PPL, LKE, LG&E and KU have elected not to offset derivative assets and liabilities and not to offset net derivative positions against the right to reclaim cash collateral pledged (an asset) or the obligation to return cash collateral received (a liability) under derivatives agreements.The table below summarizes the derivative positions presented in the balance sheets where a right of setoff exists under these arrangements and related cash collateral received or pledged.

 

   Assets Liabilities
      Eligible for Offset       Eligible for Offset   
         Cash          Cash   
      Derivative Collateral       Derivative Collateral   
   Gross Instruments Received Net Gross Instruments Pledged Net
                          
June 30, 2015                        
Treasury Derivatives                        
 PPL $ 156 $ 64    $ 92 $ 124 $ 64 $ 9 $ 51
 LKE               91      9   82
 LG&E               68      9   59
 KU               23         23
                          
67

 

 

   Assets Liabilities
      Eligible for Offset       Eligible for Offset   
         Cash          Cash   
      Derivative Collateral       Derivative Collateral   
   Gross Instruments Received Net Gross Instruments Pledged Net
December 31, 2014                        
Treasury Derivatives                        
 PPL $ 159 $ 65    $ 94 $ 161 $ 65 $ 21 $ 75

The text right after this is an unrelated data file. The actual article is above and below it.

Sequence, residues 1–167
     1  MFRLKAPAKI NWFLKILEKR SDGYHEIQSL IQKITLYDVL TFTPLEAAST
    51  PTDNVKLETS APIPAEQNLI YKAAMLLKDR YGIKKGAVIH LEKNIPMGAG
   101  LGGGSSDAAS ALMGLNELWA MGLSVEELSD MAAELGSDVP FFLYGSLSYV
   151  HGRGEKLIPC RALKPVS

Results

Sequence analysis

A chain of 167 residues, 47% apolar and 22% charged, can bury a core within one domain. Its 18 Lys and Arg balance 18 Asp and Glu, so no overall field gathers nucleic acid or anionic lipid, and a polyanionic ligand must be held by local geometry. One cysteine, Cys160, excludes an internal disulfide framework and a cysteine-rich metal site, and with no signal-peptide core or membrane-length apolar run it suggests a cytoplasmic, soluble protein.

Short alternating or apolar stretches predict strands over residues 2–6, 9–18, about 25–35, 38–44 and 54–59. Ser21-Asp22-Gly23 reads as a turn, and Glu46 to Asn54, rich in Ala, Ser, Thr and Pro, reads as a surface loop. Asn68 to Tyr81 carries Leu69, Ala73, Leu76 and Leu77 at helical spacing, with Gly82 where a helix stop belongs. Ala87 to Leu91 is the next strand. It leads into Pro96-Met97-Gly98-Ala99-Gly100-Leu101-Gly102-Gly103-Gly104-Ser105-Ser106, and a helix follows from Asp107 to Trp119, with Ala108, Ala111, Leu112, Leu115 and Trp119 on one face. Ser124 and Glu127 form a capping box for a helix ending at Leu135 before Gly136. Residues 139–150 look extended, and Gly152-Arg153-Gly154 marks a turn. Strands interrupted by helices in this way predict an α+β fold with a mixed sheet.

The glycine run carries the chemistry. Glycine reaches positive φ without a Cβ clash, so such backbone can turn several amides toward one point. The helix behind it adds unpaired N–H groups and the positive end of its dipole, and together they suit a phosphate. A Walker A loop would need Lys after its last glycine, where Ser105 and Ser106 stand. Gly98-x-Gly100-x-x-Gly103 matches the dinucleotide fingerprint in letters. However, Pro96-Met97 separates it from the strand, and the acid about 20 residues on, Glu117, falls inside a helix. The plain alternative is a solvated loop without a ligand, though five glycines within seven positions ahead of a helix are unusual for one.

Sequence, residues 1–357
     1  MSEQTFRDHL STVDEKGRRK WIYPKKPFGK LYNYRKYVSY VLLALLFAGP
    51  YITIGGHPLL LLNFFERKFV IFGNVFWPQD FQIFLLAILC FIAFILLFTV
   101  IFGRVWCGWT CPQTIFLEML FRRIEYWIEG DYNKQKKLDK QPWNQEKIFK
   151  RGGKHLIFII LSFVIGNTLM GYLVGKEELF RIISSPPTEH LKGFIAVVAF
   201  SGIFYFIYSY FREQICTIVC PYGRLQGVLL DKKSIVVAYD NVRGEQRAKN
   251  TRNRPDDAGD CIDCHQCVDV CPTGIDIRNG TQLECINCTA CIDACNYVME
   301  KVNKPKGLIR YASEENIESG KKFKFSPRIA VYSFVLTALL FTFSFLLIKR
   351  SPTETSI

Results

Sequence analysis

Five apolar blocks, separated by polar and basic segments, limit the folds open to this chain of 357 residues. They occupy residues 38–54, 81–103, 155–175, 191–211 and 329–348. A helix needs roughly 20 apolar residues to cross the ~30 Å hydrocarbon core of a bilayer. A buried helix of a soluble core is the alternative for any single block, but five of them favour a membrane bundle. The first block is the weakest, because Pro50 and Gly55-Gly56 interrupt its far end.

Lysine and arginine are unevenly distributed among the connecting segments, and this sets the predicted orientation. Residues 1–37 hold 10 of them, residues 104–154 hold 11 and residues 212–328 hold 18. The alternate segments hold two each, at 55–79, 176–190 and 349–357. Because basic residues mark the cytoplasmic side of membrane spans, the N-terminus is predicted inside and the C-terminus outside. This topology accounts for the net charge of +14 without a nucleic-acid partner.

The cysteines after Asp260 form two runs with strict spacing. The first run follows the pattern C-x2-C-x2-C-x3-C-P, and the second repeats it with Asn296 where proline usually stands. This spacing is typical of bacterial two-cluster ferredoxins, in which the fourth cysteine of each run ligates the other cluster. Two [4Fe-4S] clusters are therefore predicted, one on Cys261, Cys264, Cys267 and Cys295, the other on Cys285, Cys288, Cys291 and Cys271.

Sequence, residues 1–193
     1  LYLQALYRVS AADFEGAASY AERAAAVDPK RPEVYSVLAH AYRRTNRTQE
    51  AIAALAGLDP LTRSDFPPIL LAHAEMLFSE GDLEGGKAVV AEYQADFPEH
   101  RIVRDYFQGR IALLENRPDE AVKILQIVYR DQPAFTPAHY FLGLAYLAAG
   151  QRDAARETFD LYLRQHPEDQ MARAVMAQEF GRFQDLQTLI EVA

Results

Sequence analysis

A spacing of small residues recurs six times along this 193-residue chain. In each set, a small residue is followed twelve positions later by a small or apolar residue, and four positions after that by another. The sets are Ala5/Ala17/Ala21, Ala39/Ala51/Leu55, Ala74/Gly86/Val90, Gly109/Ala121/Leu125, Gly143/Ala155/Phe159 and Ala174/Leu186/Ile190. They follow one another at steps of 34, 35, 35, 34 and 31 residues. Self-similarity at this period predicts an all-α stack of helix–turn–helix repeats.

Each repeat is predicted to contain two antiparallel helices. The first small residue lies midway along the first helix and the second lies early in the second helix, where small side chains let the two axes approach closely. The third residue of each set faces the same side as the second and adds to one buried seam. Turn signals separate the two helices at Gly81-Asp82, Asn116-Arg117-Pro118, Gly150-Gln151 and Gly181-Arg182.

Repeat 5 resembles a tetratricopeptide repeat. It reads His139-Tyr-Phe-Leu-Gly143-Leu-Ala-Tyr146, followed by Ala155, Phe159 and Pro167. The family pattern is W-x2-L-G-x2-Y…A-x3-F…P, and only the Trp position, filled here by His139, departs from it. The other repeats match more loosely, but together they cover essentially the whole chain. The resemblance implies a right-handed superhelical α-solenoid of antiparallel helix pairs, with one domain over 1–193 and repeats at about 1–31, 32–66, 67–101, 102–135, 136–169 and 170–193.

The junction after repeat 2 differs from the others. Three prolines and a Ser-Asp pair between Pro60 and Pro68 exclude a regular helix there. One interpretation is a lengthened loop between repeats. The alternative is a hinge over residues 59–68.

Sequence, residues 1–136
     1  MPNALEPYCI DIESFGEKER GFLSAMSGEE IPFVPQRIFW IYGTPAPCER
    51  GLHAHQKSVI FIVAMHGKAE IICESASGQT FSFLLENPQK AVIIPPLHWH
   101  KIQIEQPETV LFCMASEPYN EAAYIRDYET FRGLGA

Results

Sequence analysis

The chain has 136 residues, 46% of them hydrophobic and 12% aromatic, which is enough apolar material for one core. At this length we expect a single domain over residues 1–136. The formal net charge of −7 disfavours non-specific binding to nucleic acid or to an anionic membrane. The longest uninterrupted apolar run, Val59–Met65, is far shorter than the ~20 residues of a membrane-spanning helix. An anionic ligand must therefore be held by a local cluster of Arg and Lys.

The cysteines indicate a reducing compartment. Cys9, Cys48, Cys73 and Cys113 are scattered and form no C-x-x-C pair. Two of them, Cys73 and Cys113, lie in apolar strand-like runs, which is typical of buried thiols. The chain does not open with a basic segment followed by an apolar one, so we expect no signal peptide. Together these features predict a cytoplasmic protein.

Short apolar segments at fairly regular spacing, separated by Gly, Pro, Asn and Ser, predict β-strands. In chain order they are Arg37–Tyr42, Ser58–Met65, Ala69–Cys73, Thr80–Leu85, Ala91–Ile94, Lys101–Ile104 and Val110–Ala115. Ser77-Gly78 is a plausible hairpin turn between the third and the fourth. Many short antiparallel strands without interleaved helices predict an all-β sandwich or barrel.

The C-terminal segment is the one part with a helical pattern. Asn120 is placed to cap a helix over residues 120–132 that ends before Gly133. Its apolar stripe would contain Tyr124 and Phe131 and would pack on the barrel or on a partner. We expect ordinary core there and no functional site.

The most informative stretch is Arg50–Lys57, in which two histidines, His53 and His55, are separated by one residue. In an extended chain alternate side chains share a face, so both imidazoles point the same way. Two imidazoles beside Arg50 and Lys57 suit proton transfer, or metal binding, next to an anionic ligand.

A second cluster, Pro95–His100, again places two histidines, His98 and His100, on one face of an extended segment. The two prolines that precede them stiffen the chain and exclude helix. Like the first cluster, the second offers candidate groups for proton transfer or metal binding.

LKE               114      20   94
 LG&E               81      20   61
 KU               33         33

 

Credit Risk-Related Contingent Features

 

Certain derivative contracts contain credit risk-related contingent features which, when in a net liability position, would permit the counterparties to require the transfer of additional collateral upon a decrease in the credit ratings of PPL, LKE, LG&E and KU or certain of their subsidiaries. Most of these features would require the transfer of additional collateral or permit the counterparty to terminate the contract if the applicable credit rating were to fall below investment grade. Some of these features also would allow the counterparty to require additional collateral upon each downgrade in credit rating at levels that remain above investment grade. In either case, if the applicable credit rating were to fall below investment grade, and assuming no assignment to an investment grade affiliate were allowed, most of these credit contingent features require either immediate payment of the net liability as a termination payment or immediate and ongoing full collateralization on derivative instruments in net liability positions.